headed by Dr. Don Hardesty, explored the theory that the actual location of the
tents at Alder Creek was misidentified. How could this have happened? First,
fewer people survived that location. Second, their flimsy tents would have
deteriorated quickly, leaving no permanent record. What's more, when Peter
Wedell marked the Donner Lake and Alder Creek sites for historical purposes
during the 1920s, he had to guess at the actual site of the Alder Creek tents.
He based his decision on the location of some tall tree stumps and a partly
burned ponderosa pine tree. The Donner Lake sites, on the other hand, were
easily identified by the foundations of the three cabins.
wanted to set the record straight. What is interesting
about his "treasure hunt" is that
was accompanied by a team of three treasure hunters, equipped with metal
detectors. Although archaeologists and treasure hunters usually do not mix well,
this time they teamed up to produce important results. First, the detectorists
scanned the area with their machines. Every time they heard a signal, they
placed a stickpin flag at that location. Then the archaeologists dug carefully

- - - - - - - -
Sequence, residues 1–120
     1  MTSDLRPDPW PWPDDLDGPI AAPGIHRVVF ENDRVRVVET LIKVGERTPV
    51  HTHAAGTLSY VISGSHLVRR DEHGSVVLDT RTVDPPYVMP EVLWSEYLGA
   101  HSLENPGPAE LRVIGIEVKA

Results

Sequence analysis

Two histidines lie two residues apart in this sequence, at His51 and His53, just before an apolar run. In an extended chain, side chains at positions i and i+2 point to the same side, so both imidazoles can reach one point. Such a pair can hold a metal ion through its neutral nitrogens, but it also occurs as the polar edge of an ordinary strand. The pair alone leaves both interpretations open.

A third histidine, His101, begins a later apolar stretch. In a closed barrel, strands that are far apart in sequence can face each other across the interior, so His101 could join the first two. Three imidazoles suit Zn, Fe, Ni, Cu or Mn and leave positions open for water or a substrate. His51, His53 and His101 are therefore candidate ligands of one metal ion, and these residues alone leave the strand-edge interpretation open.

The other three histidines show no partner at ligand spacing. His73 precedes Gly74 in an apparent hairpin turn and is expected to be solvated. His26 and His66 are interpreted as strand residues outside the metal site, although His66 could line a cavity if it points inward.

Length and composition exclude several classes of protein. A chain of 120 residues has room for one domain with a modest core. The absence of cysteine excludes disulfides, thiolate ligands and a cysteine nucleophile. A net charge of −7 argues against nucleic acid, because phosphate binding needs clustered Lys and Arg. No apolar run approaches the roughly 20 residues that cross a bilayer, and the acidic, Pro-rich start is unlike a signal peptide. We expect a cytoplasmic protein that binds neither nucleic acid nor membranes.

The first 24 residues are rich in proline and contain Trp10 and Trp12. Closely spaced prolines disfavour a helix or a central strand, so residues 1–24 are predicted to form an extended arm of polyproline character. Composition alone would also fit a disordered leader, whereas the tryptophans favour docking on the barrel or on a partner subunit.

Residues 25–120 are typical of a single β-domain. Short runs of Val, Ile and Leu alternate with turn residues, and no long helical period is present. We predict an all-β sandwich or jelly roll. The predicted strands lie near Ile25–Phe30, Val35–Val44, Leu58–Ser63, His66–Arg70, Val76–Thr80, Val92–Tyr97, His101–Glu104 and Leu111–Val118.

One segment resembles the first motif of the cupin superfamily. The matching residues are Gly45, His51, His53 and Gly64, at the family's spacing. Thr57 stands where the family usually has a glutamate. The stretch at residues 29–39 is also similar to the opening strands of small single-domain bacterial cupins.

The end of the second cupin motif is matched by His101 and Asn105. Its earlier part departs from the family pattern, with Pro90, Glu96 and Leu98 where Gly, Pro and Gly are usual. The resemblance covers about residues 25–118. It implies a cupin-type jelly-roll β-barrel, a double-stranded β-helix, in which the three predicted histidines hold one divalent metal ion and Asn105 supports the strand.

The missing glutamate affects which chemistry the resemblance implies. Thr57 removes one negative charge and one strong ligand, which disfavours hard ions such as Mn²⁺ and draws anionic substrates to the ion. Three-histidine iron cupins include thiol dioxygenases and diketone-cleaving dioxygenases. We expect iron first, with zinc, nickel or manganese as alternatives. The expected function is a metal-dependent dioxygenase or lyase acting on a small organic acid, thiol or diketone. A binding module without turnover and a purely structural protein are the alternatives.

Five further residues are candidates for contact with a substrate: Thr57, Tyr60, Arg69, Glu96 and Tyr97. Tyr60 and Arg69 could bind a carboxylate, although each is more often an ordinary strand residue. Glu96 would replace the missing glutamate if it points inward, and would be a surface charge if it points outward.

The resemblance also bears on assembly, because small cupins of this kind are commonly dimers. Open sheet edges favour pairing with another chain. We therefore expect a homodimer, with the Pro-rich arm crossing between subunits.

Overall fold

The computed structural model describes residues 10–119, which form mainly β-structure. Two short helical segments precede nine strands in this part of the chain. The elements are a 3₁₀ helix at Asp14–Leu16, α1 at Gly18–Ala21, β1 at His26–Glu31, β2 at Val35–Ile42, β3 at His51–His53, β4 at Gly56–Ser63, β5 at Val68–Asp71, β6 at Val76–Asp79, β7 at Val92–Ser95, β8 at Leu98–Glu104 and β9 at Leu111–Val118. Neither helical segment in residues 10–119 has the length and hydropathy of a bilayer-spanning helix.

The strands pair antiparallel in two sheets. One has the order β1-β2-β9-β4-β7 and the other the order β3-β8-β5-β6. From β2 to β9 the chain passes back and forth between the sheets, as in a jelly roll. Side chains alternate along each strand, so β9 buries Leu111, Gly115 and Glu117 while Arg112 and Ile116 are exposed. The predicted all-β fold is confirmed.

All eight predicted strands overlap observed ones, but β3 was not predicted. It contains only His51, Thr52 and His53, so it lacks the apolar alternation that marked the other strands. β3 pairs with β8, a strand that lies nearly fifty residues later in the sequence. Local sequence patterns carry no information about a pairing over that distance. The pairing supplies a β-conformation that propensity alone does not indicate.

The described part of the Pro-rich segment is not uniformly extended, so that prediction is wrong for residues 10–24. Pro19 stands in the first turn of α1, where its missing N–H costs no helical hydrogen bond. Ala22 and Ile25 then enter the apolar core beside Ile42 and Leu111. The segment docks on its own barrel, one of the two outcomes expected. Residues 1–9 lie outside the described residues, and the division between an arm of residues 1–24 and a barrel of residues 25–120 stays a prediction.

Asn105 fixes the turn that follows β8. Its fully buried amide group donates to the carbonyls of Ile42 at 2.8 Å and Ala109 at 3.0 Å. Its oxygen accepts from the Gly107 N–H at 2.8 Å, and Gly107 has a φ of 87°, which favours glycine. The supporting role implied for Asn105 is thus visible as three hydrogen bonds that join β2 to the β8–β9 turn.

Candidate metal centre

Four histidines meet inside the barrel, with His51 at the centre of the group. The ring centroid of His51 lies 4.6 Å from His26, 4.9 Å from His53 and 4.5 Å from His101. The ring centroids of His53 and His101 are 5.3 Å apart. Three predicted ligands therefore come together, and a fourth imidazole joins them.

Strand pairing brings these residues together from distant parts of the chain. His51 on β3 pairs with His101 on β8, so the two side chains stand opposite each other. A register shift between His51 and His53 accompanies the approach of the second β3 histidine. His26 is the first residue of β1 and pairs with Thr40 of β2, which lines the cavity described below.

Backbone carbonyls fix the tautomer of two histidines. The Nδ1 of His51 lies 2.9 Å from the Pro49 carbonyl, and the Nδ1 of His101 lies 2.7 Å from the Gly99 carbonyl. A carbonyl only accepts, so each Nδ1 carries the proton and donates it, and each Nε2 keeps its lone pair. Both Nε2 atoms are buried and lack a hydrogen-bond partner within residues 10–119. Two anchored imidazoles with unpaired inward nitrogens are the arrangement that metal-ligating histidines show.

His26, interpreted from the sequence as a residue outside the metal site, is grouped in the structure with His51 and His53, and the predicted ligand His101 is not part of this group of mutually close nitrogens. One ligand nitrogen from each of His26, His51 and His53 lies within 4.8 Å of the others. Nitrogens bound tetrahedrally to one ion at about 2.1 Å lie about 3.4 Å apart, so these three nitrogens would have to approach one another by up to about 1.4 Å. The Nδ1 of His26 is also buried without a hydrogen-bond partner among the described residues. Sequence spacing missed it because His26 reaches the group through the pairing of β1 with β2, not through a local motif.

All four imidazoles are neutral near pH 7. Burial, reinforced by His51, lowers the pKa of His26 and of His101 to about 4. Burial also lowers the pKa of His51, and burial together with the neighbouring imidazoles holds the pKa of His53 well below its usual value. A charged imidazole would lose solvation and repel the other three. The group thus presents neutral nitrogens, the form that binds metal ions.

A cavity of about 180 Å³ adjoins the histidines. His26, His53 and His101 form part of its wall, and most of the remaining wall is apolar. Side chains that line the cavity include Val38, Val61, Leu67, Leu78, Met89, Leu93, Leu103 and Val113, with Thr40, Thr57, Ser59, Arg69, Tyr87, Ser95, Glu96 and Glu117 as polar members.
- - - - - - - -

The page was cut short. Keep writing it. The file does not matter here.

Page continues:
at each flag location and removed any objects they found. When something
important was uncovered, they placed it in a plastic bag and filled out forms
about the location of the discovery.
many of the leading citizens were
present and assisted in searching for the relics. . . . A great many pins have
been found, most of which are the old-fashioned round-headed ones. A strange
feature in regard to these pins is that although bright and clean, they
crumble and break at almost the slightest touch. . . . One of the most
touching relics, in view of the sad, sad history, is the sole of an infant's
shoe. The tiny babe who wore the shoe was probably among the number who
perished of starvation.
During June and July 1990, the team covered
the official" tent sites at Alder Creek and found no remnants of the Donner
families. Nearby, however, they turned up many artifacts, including tools, wagon
parts, coins, china fragments, and upholstery tacks. Was this the real location